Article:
He had a deep and abiding relationship with other writers that led to a weekly public television show for Nashville Public Television called A Word on Words.
It began in 1972, when A Search for Justice was released. The book, about the trials of three assassins including Sirhan Sirhan, who shot Bobby Kennedy, was the subject of a public television interview. After Seigenthaler's appearance, he was asked if he would like to do a weekly show interviewing local and nationally known authors.
He jumped at the chance. Seigenthaler interviewed the famous and not-so-famous: Halberstam, John Lewis, Will Campbell, Marshall Chapman, Carol Higgins Clark and John Updike, to name a few.
He read every book. That's why, wife Dolores said, their bedsheets were stained with ink marks — he brought a book to bed almost every night, making notes about his upcoming interview.
Seigenthaler may have slowed down in recent years, but not by much. He traveled routinely to Connecticut to see his son, daughter-in-law Kerry Brock and especially his beloved grandson. In fact, when Jack starred in a school production of Bye Bye Birdie, his grandparents flew up to see every single show.
On the political front, Seigenthaler led the presidential debate panels during the last election and maintained an office at the First Amendment Center at Vanderbilt University until his death. He hosted panels and discussion groups. He led the effort to raise money to restore Centennial Park and worked on the John Seigenthaler Chair of Excellence at Middle Tennessee State University.
Once a brutally competitive tennis player, Seigenthaler had to quit because of a knee injury, so instead, he played golf every day the weather and his health were decent.
For years Seigenthaler made fun of newspaper chains, proudly bragging that he worked for a family-owned newspaper. But when Gannett Co. bought The Tennessean in 1979, he glibly quipped that he had "been sold into chains."
He turned it into a new life experience and challenge, insisting that the chain leave The Tennessean alone editorially and operationally. For many years, he would urge reporters to spend freely when they traveled. His belief was that, at budget time, it was best to show how much it cost to do things his way, rather than cut corners to make the bean-counters happy.
When Gannett CEO Al Neuharth decided to launch a new national paper called USA TODAY in 1982, it was John Seigenthaler he asked to create a unique style of editorial page. There, he met John J. Curley, the paper's editor.
For a decade, Seigenthaler did the unthinkable: Monday through Thursday or so, he was in Washington, D.C., supervising a new back-and-forth-style editorial page that featured not just "experts" and what the paper's editors believed, but real voices from the community.
Then, he would fly home to Nashville and run The Tennessean. He was on the phone with both constantly, Dolores and secretaries on both ends spending endless hours making scheduling arrangements.
Somehow, he made it all work.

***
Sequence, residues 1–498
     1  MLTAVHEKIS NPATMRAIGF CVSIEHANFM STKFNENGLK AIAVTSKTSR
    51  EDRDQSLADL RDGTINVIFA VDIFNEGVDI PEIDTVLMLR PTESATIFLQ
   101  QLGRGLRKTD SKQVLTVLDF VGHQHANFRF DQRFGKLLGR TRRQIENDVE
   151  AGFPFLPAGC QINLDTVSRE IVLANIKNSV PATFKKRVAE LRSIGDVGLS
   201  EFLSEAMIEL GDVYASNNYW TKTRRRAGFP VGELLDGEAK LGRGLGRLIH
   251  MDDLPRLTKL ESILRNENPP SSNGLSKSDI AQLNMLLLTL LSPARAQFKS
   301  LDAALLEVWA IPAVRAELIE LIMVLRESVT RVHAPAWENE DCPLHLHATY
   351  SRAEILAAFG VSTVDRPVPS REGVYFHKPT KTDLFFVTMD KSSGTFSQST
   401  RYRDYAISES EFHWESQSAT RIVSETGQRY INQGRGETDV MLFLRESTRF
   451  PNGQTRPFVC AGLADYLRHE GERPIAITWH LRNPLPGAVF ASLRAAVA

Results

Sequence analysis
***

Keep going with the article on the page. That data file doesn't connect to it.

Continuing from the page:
"I was honored to work closely with John Seigenthaler during the planning and start-up days of USA TODAY. Since we had offices next to each other, I saw a lot of him and listened to the editorial page discussions on issues, which he moderated. Seig was effective in getting all of the participants to think through their positions and reach a logical conclusion," said Curley, retired chairman and chief executive officer of Gannett Co. "He was able to do first-rate work at USA TODAY and effectively run The Tennessean. Seig was a great editor, great publisher and great person and an effective advocate for the First Amendment.
Seigenthaler retired as publisher, chairman and CEO of The Tennessean, and from USA TODAY, in 1991.
At retirement, he called being a newspaper editor "the greatest job in American journalism."
But he didn't really retire. He founded the First Amendment Center at Vanderbilt University that same year, some say with a push from his wife so he wouldn't drive her nuts. He created a presentation on the First Amendment that he used as he traveled. A $3 million First Amendment Studies chair was created in his name at Middle Tennessee State University.
A brilliant storyteller, Seigenthaler accumulated many in his lifetime. He once danced with Tina Turner, had a bit part in Shakespeare's Othello, and counted the late Johnny Cash as a confidant. Those who knew him well loved him both as a journalist and a mentor — and their feelings ran deep.
"John was an advocacy newsman, but he reported every story fairly," said Tom Ingram, a GOP political operative and public relations guru, and also one of Seigenthaler's closest friends. Ingram worked as a reporter at The Tennessean from 1965 to 1972.
"He changed my life. This guy is my mentor, my hero, my friend. He is why I am who I am."
How perfect, then, that Seigenthaler's favorite quote from his own friend and mentor, Bobby Kennedy, was this one:
"Few will have the greatness to bend history, but each of us can work to change small events, and those acts can write the history of our generation."
Mourners can pay their respects for Seigenthaler on Sunday at the First Amendment Center on the Vanderbilt University campus. Funeral services will take place Monday at the Cathedral of the Incarnation in Nashville.